of their chickens. In association with PETA, she presented a
video documenting treatment of the chickens along with the launch of a companion website,
KentuckyFriedCruelty.com. According to Anderson, when it comes to the
Colonel’s famed secret recipe: “Sadly, the main ingredient is cruelty.” In the video, Anderson showcased footage of
chickens enduring horrific conditions that was allegedly shot at a slaughterhouse that
supplied chickens to KFC. This wasn’t the first time that Anderson had
attacked the chain. In fact, she’d been calling for a boycott
of KFC for nearly a decade at that point, even visiting restaurants personally to protest. When news of the video’s production broke,
KFC tried to head things off by telling the Associated Press, “We have an independent panel of outside experts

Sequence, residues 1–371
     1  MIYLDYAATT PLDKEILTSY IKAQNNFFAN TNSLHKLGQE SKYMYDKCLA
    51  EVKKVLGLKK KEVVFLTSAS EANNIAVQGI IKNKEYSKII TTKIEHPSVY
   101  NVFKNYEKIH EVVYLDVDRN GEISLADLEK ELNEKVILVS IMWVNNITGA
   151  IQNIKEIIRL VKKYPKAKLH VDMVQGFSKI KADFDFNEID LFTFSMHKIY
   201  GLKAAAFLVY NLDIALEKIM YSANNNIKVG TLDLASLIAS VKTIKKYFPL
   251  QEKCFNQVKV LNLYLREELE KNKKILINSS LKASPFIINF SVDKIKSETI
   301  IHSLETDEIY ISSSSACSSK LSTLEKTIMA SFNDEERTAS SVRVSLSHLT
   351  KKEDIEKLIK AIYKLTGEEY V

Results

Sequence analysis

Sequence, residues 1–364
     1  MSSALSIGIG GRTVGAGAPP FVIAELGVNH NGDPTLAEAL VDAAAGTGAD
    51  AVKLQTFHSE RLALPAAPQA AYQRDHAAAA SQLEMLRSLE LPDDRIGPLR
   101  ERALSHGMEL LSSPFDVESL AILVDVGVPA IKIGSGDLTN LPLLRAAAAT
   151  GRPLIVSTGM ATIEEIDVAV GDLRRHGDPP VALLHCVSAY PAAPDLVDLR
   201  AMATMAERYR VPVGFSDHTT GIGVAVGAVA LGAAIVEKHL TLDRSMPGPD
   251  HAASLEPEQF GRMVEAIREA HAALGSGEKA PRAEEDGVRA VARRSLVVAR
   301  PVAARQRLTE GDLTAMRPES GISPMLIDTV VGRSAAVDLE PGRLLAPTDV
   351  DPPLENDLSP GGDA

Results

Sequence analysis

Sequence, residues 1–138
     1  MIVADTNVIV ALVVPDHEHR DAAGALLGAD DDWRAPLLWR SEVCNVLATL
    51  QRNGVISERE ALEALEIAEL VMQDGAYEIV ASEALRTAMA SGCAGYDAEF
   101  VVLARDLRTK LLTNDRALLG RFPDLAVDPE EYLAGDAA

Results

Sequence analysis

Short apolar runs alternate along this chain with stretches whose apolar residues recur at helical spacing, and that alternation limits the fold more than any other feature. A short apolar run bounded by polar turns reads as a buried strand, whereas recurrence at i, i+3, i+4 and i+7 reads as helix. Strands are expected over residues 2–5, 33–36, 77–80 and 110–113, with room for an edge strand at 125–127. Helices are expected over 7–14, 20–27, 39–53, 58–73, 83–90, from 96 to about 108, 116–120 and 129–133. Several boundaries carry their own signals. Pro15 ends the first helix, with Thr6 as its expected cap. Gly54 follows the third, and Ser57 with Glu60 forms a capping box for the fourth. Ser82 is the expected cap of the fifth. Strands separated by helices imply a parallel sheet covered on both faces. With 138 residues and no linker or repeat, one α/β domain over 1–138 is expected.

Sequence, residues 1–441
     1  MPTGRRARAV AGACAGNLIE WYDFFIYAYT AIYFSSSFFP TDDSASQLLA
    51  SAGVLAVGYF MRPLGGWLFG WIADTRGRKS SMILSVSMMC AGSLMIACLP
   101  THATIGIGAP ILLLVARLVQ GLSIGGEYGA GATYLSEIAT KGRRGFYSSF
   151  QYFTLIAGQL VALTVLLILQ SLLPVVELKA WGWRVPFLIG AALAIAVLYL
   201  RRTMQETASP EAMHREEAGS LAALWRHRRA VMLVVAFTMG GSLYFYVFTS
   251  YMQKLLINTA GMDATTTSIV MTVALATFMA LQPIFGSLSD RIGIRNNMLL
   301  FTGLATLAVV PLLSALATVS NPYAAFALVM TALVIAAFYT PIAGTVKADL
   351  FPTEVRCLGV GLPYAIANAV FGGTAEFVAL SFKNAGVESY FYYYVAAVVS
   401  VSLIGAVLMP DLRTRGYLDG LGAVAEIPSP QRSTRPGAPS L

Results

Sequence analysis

who set our high standards. They are the same standards that all our competitors
use to insure humane treatment around the country.” Anderson’s protests may not have stopped KFC
in its tracks, but it likely convinced a few customers to think twice before ordering one
of their buckets. In 2014, a 7-year-old boy in Newcastle, England,
was enjoying the KFC chicken that his stepmother, Krystal Henderson, had picked up for him when
he bit into a piece that was as hard as a rock. Upon inspection, Henderson discovered that
the chicken wasn’t chicken at all. It was, in fact, a piece of blue paper towel
that had apparently been deep fried. As Henderson pointed out to The Express, “The blue roll could have been used for anything,
it could have bleach or disinfectant on it. To give that to a child, I felt so guilty
even though it wasn’t my fault. For a child to bite into that is horrendous.” To make matters worse, when Henderson returned
to the restaurant to complain, she was told to phone the customer service line. Eventually, KFC issued an apology and a refund. A spokesperson told The Express, “We’re very sorry for Ms. Henderson’s experience